Jesus replied that it wasn’t a matter of sin at all, but rather that the works of God could be revealed. In this case the apparent suffering wasn’t a matter of cause and effect, as the disciples had assumed, but rather a gift of that unique soul to us all. Now that is something to think about!
Sometimes evil and suffering take on a larger scale than these personal examples. When hundreds or thousands are killed or injured in a natural disaster, is this just another instance of karma – karma writ large? Perhaps. Some metaphysical traditions assert that in all such cases, the individuals involved do choose to be part of the process at some level.
Another way of thinking about such suffering in terms of cause and effect – is that each soul that has incarnated into a flesh body – has made the choice to become a participant in physical reality under the laws of the physical universe. Within the creation story, this is the phase where some souls varied from the plan and entered into their own creation; like a screenwriter creating a part for himself in his own movie script.
By entering into materiality in a flesh body on planet earth, we have chosen to be subject to the laws of this realm. Laws are impersonal. If we choose to live on the side of a volcano, or in an earthquake prone area, we may meet the laws of nature in those ways.
The point is not to try to explain away suffering or give the impression that it is purely a rational matter of calculating cause and effect. It is usually not that simple.
To the extent that we don’t fully understand the reason for our suffering in every case, there is a place for faith in dealing with suffering. We can have faith in the unseen forces of the universe – that the universe itself is set up for our optimal benefit, even if we don’t fully realize it at the moment.
We are each constantly meeting ourselves and what we have created. To learn our lessons, we must take responsibility for our choices – even when we are not fully conscious of the entire process.
The Symbol of the Cross
The cross is one of the most ancient and widely used human symbols, ranging from the Egyptian ankh to the stone circles of native Americans. As a practical matter, the cross can represent the division of the world into four directions or cardinal points. As a metaphysical symbol, the vertical and horizontal members of the cross symbolize where heaven meets earth.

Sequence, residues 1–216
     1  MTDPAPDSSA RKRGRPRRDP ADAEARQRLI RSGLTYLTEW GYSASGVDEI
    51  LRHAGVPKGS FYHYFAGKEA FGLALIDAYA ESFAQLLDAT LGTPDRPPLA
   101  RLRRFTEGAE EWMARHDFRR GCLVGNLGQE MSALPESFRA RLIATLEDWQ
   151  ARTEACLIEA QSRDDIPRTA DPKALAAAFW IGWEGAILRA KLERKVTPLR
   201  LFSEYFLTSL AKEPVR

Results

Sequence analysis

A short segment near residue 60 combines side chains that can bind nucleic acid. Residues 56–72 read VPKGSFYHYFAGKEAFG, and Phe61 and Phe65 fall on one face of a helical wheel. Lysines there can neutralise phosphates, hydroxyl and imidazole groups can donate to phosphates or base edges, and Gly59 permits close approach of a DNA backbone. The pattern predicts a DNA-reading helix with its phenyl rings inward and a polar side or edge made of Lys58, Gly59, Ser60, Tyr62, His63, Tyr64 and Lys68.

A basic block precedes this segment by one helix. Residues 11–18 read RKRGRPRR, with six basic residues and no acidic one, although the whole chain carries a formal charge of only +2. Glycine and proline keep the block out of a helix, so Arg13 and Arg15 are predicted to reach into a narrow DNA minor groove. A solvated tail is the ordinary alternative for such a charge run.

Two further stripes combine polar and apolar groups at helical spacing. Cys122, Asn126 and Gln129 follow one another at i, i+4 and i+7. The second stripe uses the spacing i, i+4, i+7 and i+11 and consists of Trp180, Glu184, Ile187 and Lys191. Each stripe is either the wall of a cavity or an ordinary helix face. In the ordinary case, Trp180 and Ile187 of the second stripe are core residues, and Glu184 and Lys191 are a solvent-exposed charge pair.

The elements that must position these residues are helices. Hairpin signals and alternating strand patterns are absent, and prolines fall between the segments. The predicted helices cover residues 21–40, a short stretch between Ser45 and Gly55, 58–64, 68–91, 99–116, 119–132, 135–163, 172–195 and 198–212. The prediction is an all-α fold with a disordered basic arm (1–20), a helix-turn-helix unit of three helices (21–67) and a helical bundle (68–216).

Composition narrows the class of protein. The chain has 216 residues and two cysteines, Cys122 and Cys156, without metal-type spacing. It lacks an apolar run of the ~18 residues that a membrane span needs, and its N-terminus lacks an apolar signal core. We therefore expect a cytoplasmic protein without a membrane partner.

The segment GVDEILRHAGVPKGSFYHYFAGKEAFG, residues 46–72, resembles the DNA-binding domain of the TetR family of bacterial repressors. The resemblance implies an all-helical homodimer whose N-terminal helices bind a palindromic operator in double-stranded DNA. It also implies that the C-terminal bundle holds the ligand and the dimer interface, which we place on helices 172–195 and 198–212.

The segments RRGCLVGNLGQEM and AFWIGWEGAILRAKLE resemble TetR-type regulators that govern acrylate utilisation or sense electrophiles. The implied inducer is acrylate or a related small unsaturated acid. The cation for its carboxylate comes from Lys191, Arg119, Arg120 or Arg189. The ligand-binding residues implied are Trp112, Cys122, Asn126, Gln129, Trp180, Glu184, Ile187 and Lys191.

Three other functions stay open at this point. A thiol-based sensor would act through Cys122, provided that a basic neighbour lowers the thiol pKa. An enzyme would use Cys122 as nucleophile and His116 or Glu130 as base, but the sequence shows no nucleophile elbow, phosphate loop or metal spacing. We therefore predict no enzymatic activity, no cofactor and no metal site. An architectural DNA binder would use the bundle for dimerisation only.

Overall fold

As a Roman torture device used to shame and crucify criminals, the cross became a powerful religious symbol in European history. Certainly, the execution of Jesus on such a cross, as documented in the New Testament, is the most potent symbolic representation of the cross in western culture, even to this day.
As a pattern of soul development, the way of the cross, as exemplified by the life and death of Jesus, provides a practical means for dealing with evil and suffering in the world. The Cayce readings provide some fascinating information about the soul entity that incarnated as Jesus of Nazareth. This soul had numerous past lives in the earth plane with its own special karma to resolve. By living the exemplary life, Jesus met his karma and provided a model for those who would emulate his example.
Even in a worst-case scenario, subjected to a humiliating and painful death, Jesus followed the way of love and thus embodied the pattern of universal consciousness that lies dormant within each soul. The man Jesus became Christ – having attained Christ consciousness by way of the cross.
Thus, in terms of soul development, the cross symbolizes that which must be borne and overcome by each individual in the midst of life. We each have our own personal cross to bear. The way of the cross is universal.
So just what is a cross, in practical terms? The cross could be a destructive habit or addiction. The cross could be suffering related to a physical or mental illness. The cross could be a troubled relationship. The cross could be any number of psychological issues that arise as we navigate life.
If the universe functions as a school and the earth is a classroom, the crosses are lessons to be learned. We must meet what we have created – that is cause and effect – that is karma. Our selfishness is to be sacrificed – symbolically crucified. That there is pain involved, and even suffering if that is our consciousness, is part of the process of transformation.
Jesus set the example but it is up to each of us to meet ourselves – to meet our own karma in love and grace. Ultimately, the lesson of the cross is to meet every circumstance of life through our spiritual ideal. Then stumbling blocks become stepping stones. In patience we transcend the obstacles set before us.
When things go badly, we can choose to make the best of the situation – to keep on keeping on by living our ideal, even if that should lead to a painful and socially shameful end. Even in the worst-case scenario of life, Jesus made the best of it. It is an example to strive toward. That’s the meaning of a spiritual ideal.
In relation to the symbol of the cross, the crown can represent at least two options in our decision-making process. Jesus wore a crown of thorns as part of his crucifixion. Thus initially the crown is part of the suffering. One could even draw parallels to the mental nature of the suffering if the symbol is interpreted with regard to anatomy and physiology.
The other symbolism of the crown in this context is the halo – the aura of light surrounding the head – the Crown of Glory that is commonly shown in the images of Jesus after the resurrection. The halo is also known as the Crown of Righteousness and Crown of Life. With this halo comes the joy, happiness, harmony, and peace of a soul closer to its Maker.